Practice Areas > Americans with Disabilities Act
The Americans with Disabilities Act prohibits private employers, state and local governments, employment agencies and labor unions from discriminating against qualified individuals with disabilities in job application procedures, hiring, firing, advancement, compensation, job training, and other terms, conditions, and privileges of employment.

An individual with a disability is a person who:
  • Has a physical or mental impairment that substantially limits one or more major life activities;

  • Has a record of such an impairment; or

  • s regarded as having such an impairment.

    A qualified employee or applicant with a disability is an individual who, with or without reasonable accommodation, can perform the essential functions of the job in question. Reasonable accommodation may include, but is not limited to:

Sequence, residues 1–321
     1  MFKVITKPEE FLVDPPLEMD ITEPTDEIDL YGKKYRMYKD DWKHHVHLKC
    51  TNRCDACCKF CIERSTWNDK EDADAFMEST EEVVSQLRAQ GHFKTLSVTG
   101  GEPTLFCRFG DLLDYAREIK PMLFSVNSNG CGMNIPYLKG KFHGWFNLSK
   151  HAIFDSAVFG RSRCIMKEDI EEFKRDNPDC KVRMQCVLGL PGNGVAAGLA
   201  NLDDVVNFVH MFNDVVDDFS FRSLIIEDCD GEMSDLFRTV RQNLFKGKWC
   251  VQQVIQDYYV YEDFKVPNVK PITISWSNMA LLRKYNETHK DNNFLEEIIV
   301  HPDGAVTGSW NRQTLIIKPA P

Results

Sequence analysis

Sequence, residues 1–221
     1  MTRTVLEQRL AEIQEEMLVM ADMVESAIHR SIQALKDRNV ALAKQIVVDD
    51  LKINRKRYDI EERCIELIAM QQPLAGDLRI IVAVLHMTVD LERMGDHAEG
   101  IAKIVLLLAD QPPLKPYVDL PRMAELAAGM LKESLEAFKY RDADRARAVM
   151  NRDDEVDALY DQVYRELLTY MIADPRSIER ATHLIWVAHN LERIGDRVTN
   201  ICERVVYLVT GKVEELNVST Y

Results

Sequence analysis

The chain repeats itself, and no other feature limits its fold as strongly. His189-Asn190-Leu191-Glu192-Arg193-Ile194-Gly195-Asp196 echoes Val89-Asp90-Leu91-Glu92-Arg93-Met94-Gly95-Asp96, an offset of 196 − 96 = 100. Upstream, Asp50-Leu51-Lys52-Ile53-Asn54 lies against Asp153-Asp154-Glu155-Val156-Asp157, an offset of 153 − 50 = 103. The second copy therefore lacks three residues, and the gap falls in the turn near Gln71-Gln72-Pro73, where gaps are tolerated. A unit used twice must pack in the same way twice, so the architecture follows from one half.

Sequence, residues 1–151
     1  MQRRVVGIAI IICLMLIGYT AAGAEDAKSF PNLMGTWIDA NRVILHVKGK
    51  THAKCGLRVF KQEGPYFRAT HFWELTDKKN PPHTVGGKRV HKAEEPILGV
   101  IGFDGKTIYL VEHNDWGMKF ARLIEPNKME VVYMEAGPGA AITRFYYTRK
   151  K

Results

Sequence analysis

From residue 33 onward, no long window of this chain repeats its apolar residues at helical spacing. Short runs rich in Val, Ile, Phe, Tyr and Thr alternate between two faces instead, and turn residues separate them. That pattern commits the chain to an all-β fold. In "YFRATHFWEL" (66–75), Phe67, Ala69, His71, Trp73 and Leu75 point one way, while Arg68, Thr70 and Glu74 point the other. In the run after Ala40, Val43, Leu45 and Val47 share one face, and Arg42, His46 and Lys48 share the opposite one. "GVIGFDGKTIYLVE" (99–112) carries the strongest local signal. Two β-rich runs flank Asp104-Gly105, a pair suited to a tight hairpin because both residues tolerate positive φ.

• Making existing facilities used by employees readily accessible to and usable by persons with disabilities.

  • Job restructuring, modifying work schedules, reassignment to a vacant position;

  • Acquiring or modifying equipment or devices, adjusting or modifying examinations, training materials, or policies, and providing qualified readers or interpreters.
An employer is required to make a reasonable accommodation to the known disability of a qualified applicant or employee if it would not impose an "undue hardship" on the operation of the employer's business. Undue hardship is defined as an action requiring significant difficulty or expense when considered in light of factors such as an employer's size, financial resources, and the nature and structure of its operation.
The Rubin Employment Law Firm, PC - 11 North Washington Street, Suite 520 - Rockville, Maryland 20850 - (301) 760-7914 jrubin@rubinemploymentlaw.com
These materials have been prepared by The Rubin Employment Law Firm, P.C. for information purposes only and are not legal advice. Transmission of the information is not intended to create, and receipt does not constitute, an attorney-client relationship between the sender and receiver. Internet subscribers and online readers should not act upon this information without seeking professional counsel.
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